I believe that for your scenario, i.e. sending different types of variables, the EasyTransfer library (by Bill Porter) would be an elegant solution. The library can be found here: https://github.com/madsci1016/Arduino-EasyTransfer. There are implementations for serial, I2C, and VirtualWire and the examples provided are pretty self-explanatory.

The handling is very easy. After including the library, you create an EasyTransfer object, define a data structure that basically represents a "container" of your data and this can consist of different variables.

  //put your variable definitions here for the data you want to receive
  int blinks;
  int pause;

Once the "container" is filled, i.e. the variables are set on the sender side, they are sent with a simple command


On the receiver side, you define an identiacl data structureand receive the data by


Hope this helps.

  • Thanks, that library is promising. I looked it over but could not find a tutorial to communicate via I2C. The tutorial I found was using tx/rx. is there any example you are aware of?.
    – Camilo
    Sep 24, 2015 at 18:21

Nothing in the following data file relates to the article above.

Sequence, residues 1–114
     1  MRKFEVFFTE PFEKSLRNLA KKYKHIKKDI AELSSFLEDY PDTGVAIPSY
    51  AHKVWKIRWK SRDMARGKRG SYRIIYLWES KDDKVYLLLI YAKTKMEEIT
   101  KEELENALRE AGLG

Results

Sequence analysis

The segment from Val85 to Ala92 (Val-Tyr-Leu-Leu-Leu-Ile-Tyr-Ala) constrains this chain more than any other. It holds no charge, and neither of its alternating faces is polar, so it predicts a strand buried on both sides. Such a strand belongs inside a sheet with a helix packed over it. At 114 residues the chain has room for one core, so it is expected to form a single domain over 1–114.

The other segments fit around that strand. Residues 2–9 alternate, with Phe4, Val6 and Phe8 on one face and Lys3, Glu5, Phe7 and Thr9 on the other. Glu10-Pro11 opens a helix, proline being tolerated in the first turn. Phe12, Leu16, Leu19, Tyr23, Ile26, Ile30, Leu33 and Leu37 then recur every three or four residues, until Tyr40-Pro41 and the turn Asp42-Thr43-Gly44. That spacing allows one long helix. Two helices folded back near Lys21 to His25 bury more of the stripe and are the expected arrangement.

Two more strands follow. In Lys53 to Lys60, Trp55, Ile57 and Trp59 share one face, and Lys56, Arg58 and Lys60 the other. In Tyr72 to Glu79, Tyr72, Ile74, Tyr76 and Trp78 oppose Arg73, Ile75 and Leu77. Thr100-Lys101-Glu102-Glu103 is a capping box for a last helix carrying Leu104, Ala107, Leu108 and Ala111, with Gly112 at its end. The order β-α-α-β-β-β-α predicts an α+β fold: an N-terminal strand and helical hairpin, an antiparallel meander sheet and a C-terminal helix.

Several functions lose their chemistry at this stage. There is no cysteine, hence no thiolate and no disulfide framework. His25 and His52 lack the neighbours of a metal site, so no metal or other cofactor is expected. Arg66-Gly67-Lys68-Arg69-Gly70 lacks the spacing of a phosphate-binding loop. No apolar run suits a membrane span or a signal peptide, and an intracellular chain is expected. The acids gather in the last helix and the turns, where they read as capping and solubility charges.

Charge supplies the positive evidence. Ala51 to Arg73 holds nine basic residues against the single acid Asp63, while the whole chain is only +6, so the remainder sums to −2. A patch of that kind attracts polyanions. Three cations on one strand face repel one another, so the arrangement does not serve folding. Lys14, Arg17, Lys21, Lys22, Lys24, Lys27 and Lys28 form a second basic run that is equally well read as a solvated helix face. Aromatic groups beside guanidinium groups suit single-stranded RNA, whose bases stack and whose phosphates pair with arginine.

• I found that easy transfer does not allow slave to master transfer. the slave can receive data from master, but the master can not from the slave. the library will require some changes, that have not been outdated: forum.arduino.cc/index.php?topic=171682.0
    – Camilo
    Sep 24, 2015 at 19:43
  • The github page there is a folder EasyTransferI2C which is also included when you download the ZIP file. In that folder there is an Examples folder, in which you find the sketches for the sender (which is called EasyTransfer_TX_Example) and the other one for the receiver (EasyTransfer_RX_Example)
    – hobie
    Sep 24, 2015 at 20:12
  • I tried the exampled but it only send data from the master to the slave, it does not offer the opportunity to send from slave to master. In the arduino forum above, a person said he improved the library to have that function but it does not appear in github
    – Camilo
    Sep 24, 2015 at 20:43
  • Sorry, I cannot help you further on this.
    – hobie
    Sep 26, 2015 at 11:07

Use the 'I2C_Anything' library, available here. I use it in all my I2C projects. It is extremely simple and works great. Here's the entire .h file

// Written by Nick Gammon
// May 2012

#include <Arduino.h>
#include <Wire.h>

template <typename T> unsigned int I2C_writeAnything (const T& value)
  Wire.write((byte *) &value, sizeof (value));
  return sizeof (value);
  }  // end of I2C_writeAnything

template <typename T> unsigned int I2C_readAnything(T& value)
    byte * p = (byte*) &value;
    unsigned int i;
    for (i = 0; i < sizeof value; i++)
          *p++ = Wire.read();
    return i;
  }  // end of I2C_readAnything